Woman of the Century/Cynthia S. Burnett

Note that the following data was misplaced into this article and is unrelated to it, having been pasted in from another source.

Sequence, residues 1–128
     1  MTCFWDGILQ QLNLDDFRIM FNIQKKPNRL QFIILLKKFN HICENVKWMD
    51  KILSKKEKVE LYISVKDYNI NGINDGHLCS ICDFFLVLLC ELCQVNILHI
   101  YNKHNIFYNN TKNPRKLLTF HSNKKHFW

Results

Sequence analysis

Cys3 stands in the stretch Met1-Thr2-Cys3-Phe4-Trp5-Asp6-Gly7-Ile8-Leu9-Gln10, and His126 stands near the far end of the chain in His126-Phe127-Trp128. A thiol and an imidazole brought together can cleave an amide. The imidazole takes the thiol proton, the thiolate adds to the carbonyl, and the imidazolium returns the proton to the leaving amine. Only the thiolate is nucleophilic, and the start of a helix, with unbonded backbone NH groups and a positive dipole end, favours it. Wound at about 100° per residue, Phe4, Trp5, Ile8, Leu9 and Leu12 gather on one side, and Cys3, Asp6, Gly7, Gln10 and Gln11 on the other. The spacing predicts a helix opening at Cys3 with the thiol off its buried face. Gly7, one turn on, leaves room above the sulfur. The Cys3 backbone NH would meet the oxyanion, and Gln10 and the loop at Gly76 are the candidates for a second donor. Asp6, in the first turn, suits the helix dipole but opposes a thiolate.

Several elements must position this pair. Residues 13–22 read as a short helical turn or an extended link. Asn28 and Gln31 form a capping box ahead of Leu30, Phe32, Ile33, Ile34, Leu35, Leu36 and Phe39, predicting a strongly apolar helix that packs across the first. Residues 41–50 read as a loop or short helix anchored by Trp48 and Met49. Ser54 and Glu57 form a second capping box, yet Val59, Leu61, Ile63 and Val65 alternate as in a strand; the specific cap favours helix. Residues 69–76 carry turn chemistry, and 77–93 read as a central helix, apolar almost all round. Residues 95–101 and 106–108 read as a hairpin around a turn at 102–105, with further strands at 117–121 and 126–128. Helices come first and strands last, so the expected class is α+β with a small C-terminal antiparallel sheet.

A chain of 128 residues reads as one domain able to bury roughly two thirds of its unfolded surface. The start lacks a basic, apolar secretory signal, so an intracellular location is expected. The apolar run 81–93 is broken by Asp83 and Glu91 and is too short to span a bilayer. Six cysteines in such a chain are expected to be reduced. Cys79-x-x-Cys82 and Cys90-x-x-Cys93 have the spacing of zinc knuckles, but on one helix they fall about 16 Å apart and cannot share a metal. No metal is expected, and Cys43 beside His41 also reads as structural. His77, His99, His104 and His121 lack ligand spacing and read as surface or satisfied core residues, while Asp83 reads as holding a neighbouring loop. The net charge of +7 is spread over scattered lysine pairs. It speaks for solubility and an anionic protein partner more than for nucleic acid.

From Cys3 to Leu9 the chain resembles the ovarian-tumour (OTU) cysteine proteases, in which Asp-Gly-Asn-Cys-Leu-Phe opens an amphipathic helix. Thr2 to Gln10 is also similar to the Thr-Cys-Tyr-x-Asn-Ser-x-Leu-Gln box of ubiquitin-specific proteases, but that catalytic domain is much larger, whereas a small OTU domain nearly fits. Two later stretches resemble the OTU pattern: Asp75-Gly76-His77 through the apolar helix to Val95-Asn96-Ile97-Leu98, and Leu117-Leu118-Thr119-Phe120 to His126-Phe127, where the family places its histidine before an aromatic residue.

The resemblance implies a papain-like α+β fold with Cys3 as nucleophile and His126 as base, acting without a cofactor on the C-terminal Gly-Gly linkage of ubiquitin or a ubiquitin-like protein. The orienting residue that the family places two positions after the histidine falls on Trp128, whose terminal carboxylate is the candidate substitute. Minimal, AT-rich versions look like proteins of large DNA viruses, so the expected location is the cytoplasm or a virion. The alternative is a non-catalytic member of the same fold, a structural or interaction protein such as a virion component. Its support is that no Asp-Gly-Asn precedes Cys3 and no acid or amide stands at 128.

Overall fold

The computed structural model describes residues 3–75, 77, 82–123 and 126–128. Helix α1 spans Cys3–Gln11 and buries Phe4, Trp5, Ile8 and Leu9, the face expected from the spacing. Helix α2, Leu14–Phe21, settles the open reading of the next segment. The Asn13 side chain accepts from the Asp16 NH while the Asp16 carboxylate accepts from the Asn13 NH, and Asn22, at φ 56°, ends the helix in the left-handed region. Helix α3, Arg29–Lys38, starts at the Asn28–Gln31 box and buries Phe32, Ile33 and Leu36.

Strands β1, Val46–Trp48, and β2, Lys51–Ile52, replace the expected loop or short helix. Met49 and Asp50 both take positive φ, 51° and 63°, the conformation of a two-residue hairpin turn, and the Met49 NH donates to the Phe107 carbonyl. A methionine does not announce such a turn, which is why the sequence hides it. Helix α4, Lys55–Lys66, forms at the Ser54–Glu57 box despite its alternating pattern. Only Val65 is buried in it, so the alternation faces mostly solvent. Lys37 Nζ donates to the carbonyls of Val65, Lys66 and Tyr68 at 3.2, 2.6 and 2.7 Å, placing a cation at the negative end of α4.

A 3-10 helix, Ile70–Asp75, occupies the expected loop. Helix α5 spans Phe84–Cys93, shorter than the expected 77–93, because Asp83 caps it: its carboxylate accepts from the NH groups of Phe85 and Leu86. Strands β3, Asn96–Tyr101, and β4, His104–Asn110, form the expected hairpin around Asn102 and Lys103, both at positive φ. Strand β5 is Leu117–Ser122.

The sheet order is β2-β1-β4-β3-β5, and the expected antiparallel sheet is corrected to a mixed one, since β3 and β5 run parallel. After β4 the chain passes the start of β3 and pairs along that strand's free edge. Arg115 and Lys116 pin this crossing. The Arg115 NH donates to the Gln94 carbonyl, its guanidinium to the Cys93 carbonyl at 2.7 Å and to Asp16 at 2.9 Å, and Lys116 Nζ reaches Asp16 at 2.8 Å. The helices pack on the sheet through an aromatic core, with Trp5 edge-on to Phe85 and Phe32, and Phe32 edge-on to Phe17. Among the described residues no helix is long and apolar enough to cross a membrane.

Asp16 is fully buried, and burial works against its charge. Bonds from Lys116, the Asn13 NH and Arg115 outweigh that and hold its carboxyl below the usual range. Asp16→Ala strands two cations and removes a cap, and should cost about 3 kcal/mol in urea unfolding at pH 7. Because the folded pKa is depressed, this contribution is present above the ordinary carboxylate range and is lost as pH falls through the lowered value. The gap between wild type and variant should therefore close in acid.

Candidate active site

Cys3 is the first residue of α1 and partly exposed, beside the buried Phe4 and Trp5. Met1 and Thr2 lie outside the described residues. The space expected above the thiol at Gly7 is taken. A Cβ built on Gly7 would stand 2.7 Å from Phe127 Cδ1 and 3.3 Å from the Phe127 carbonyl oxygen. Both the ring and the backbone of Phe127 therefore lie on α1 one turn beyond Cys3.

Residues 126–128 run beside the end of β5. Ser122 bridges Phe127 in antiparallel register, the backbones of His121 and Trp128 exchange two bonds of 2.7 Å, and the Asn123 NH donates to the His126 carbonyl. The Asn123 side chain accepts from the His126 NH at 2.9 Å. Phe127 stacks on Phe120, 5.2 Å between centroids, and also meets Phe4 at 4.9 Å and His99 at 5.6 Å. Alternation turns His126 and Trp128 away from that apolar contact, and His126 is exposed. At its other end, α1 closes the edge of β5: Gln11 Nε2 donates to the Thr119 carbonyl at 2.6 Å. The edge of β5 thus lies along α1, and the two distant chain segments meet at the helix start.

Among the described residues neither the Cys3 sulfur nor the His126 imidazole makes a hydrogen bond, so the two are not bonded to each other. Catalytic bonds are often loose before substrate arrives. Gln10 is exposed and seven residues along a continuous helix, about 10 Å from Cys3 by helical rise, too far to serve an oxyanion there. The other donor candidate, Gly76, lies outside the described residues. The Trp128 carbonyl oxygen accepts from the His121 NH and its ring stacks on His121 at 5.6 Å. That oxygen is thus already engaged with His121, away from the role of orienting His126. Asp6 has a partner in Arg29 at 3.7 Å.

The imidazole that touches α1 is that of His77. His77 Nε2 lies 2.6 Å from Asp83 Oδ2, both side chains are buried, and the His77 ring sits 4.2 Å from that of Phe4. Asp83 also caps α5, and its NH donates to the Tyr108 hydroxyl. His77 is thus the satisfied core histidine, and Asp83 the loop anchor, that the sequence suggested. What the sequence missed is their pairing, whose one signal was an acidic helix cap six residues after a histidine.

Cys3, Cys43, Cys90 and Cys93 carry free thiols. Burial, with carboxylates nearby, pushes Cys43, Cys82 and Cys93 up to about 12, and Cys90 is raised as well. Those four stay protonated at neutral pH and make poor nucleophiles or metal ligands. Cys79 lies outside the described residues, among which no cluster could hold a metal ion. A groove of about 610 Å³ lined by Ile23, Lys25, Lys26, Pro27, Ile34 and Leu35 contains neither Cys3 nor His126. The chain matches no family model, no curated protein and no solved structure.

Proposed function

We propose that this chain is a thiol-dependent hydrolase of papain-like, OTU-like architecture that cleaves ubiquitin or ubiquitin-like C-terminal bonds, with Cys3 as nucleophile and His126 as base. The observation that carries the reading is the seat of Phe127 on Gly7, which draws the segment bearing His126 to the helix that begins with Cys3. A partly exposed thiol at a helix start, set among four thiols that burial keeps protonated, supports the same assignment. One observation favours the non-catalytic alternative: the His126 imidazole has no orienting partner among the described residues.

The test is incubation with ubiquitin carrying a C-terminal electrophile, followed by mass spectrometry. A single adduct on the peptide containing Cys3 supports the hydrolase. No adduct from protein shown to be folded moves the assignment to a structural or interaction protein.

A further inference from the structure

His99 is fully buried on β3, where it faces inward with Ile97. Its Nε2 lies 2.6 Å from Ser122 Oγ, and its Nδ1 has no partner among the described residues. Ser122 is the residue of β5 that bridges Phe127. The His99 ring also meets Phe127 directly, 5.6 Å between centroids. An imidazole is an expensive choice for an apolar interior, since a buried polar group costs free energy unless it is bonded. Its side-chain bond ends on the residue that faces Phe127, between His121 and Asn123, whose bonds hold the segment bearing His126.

BURNETT, Miss Cynthia S., educator and temperance reformer, born in Hartford, Ohio, 1st May, 1840. She is the oldest daughter of a descendant of the early settlers of New Jersey. Her mother is a Virginian by birth and education. Her early life was divided between home duties and study till the age of seventeen, when she began her career as a teacher in the public schools near her home, a part of each year being spent as a student in the neighboring academy. The Civil War changed the current of her life, and she resolved to obtain the best education possible and to devote her life to the profession of her choice. She studied four years in the Western Reserve Seminary, in her own county, from which she was graduated in the classical course in 1868. She at once accepted the position of preceptress and teacher of Latin in Orwell Normal Institute. Three years later she took the position of teacher of languages in Beaver College. Failing health made a change of climate necessary, and she went to the old home of her mother in Virginia, where for a time she had charge of a training-school for teachers. Two years were spent in the Methodist Episcopal College in Tullahoma, Tenn. There she became interested in the "New South," and many letters were written for the press in defense of the struggling people. At the first opportunity after the crusade she donned the white ribbon. Her first public work was done in 1879, in Illinois, Later she answered calls for help in Florida, Tennessee, Ohio and Pennsylvania. In 1885 she was made State organizer of Ohio. The first year she lectured one-hundred-sixty-five times, besides holding meetings in the day-time and organizing over forty unions. Her voice failing, she accepted a call to Utah, as teacher in the Methodist Episcopal College in Salt Lake City. She was made territorial president of the Woman's Christian Temperance Union. Eight unions and fifteen loyal legions were organized by her. Each month one or more meetings were held by her in the penitentiary. She edited a temperance column in a Mormon paper. Tabernacles and school-houses were open to her, and through the assistance of CYNTHIA S. BURNETT. missionaries and Mormons alike the gospel of temper, nice was presented in many towns. Unable longer to work so hard, and believing that her real place was in the lecture field, she accepted n rail to southern California as State organizer. She spent one y«»r there and in Nevada, during which time one-hundred-fifty lectures were given by her. For efficient service in the West she was made National organizer in 1889, hut was soon after called home by the serious illness of her mother, and she has remained near or with her parents ever since. She continued her work as State organizer until recently, when she accepted the position of preceptress in her Alma Mater now Farmmgton College.